Jonathan Bowden


This little Native Cherry tree caught my eye as I was traversing a hill one afternoon a couple of months ago. The Native Cherry is always a fresh light or dark green in or out of drought. Perhaps because its roots fix atmospheric nitrogen it always seems to remain healthy especially when seen against the scrubby sparseness of Native Box and the soft greys of the Eucalypts.

This particular tree seemed to burn with a yellowish green fire all of its own and I began the underpainting with a pair of contrasting colours; citrus yellow green for the tree and a cool pink foundation for the taller Eucalypts that surrounded it.

Pink is a good underpainting for grey, and a grey violet would help to differentiate the forest background from the high yellow green note of the Cherry tree.

The base layers in any medium are important because they give a glow and a warmth to the colours laid over them.

The colours I choose in the first hours also act as a memory trace for that first colour sensation, and I often note my first colour choices down on a piece of bark which I carry in my rucksack as a reminder for the duration of the painting.

Memory stick for a wattle blossom painting

In this case I also decided to keep a photographic record, something I have started to do since I got hold of a Smartphone as it rather smugly calls itself. But it does have a good camera.

I found the sequence interesting to look at after I had finished the painting and I present the stages here in order to demonstrate some of the processes this particular painting went through from start to finish, and in the hope other artists may be interested to look at them.

I work over many sessions, fixing each layer of pastel with a thin spray of water and yolk of egg as I go, so after a few coats it can be difficult to recall that first colour sensation, the 'Colour Tune'.

This matters, because the immediate colour sensations you have in front of a subject are the truest.

On the day I begin a painting I look first for a simple colour plan by selecting a pair of harmonious contrasting colours on which I can build variations, in order to make from it a painting which will project sensations of space and depth to the eye from a distance, in any light, including and especially twilight. If I can still see everything in the painting with almost no light I am happy with it. Or if I find faults it is easier in this light to identify exactly where they are and to correct them.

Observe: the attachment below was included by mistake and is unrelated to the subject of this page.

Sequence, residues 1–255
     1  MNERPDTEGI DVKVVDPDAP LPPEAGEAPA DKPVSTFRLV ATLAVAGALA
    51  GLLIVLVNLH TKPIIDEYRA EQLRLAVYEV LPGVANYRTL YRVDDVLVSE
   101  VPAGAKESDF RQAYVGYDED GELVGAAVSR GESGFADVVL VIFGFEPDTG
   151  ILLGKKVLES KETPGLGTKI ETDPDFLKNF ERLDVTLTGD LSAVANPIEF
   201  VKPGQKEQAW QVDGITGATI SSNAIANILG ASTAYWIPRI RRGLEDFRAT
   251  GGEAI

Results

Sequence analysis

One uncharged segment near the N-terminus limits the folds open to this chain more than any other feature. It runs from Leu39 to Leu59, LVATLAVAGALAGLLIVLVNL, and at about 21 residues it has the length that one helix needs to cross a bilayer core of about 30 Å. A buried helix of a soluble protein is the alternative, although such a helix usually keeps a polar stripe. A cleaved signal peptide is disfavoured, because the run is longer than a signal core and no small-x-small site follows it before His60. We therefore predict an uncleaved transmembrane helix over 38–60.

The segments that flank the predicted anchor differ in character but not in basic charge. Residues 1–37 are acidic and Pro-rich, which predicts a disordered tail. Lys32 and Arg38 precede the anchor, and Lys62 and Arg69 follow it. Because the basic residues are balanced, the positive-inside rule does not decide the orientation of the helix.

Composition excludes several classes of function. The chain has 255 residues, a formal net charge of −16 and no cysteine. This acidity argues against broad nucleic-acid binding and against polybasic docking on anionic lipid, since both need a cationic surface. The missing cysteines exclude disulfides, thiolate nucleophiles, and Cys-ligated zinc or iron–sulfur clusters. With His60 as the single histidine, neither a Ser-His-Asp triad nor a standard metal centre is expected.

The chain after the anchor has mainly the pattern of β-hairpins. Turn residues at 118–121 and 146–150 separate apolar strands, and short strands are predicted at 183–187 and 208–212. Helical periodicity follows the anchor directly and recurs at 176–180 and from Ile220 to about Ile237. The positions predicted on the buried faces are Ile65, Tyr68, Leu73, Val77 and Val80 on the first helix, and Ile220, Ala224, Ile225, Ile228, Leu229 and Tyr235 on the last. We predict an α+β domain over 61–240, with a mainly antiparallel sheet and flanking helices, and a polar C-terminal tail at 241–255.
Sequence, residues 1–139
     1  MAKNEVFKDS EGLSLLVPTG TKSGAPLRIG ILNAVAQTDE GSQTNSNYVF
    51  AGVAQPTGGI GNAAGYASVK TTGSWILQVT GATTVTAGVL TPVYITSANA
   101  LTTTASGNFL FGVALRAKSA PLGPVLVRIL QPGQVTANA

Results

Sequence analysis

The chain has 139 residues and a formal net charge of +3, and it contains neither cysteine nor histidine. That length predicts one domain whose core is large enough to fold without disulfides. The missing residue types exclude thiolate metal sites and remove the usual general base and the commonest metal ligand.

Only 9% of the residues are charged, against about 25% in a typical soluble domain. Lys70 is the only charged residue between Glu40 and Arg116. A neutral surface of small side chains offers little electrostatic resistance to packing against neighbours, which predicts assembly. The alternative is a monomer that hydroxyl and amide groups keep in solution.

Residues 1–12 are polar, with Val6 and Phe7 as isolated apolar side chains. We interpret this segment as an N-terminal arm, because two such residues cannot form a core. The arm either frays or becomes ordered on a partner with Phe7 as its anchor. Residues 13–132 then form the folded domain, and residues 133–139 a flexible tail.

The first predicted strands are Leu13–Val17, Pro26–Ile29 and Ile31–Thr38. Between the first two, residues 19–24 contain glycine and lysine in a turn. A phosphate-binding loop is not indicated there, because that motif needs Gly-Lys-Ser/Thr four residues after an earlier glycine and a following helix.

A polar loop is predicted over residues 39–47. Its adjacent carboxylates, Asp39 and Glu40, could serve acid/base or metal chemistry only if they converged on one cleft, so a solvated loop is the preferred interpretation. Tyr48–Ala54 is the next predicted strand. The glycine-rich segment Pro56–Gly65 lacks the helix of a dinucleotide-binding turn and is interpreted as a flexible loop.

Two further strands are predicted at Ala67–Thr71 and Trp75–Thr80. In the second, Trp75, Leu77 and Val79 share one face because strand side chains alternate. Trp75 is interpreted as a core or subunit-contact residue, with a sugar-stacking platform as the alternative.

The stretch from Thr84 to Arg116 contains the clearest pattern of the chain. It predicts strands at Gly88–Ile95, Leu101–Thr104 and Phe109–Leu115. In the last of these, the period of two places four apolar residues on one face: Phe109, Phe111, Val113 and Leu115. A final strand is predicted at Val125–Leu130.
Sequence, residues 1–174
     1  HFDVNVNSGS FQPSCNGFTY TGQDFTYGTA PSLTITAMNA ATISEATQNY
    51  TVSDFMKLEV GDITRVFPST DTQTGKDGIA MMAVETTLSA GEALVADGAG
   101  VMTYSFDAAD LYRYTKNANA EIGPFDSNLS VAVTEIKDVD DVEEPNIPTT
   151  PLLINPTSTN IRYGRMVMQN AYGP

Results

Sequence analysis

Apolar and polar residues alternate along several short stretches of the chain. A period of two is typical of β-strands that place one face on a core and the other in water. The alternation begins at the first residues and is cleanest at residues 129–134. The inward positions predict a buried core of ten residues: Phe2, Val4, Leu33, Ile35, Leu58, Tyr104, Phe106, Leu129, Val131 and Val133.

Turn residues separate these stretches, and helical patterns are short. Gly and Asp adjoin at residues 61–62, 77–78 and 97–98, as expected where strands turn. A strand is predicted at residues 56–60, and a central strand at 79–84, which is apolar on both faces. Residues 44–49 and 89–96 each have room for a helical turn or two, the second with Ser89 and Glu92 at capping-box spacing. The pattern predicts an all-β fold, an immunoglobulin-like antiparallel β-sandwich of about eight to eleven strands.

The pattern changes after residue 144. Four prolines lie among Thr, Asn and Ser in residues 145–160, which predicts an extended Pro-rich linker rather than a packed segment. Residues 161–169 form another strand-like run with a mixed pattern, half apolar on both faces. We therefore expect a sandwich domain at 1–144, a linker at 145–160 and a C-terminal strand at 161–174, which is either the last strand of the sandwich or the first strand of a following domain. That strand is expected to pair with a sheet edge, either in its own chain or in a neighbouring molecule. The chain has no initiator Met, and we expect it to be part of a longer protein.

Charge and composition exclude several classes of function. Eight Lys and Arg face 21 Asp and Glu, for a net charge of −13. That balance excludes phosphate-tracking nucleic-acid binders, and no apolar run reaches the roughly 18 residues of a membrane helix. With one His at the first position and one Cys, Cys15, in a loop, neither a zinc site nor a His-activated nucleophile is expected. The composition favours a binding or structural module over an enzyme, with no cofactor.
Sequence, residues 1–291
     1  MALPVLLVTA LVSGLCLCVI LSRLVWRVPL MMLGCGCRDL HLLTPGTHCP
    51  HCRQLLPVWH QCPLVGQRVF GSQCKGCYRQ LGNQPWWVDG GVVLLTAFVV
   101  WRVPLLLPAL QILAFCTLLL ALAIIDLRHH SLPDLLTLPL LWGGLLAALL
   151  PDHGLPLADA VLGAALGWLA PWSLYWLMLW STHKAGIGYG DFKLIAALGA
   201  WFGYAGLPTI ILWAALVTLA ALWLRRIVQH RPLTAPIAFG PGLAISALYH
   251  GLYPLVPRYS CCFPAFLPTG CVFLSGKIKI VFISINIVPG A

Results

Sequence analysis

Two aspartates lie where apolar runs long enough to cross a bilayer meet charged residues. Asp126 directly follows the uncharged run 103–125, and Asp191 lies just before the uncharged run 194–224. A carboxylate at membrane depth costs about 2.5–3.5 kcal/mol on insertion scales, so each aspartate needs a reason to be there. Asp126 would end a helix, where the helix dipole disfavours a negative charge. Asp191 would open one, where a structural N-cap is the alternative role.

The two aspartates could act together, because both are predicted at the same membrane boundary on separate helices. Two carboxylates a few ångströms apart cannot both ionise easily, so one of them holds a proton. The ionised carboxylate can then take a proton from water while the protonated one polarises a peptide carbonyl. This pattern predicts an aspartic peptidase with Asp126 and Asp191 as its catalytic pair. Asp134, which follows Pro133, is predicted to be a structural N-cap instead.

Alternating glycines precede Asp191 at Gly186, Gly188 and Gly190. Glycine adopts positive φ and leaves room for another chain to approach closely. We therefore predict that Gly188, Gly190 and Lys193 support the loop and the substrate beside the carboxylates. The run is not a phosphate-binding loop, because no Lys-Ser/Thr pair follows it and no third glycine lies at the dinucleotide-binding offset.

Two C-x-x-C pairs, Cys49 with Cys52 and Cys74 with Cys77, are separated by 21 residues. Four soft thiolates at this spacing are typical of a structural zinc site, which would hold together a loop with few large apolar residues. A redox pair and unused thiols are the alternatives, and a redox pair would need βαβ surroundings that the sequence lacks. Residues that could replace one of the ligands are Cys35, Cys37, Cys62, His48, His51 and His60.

I think of this development, from the simple to the much more complex as the symphonic character of painting; just as turning a simple melody into a symphony can be an ambition for a musician turning a simple 'Colour Tune' into a complex and interesting spatial structure can be an worthwhile ambition for a painter.

In the process of repeated workings the colours can go dull on me and pulling them back from a sludge of greys or worst still, discordancies is a task shared by most of the painters I know, as we drink endless flasks of tea in the forest or the studio and work on an uncooperative painting. This is the necessary drudgery of art.

I find that starting directly into colour allows a more dynamic and rhythmical process of composition than tying down all the boundaries with line too early. That can come later when I start to look for a stronger tonal structure. In some ways the whole painting is a colour beginning because it is not completed until the tonal structures and contrasts are fully established and that doesn't usually happen until the final sitting.

I call this Cherry Tree 'Mystical' because in Tasmania every patch of untouched bush seems to consist of infinitely varied forms lit by the impulse of some mysterious, visionary imagination. This little Cherry Tree seemed to feel a part of that so tactfully that I felt I could do no less than to celebrate its simple magic.

Caitlin Sutton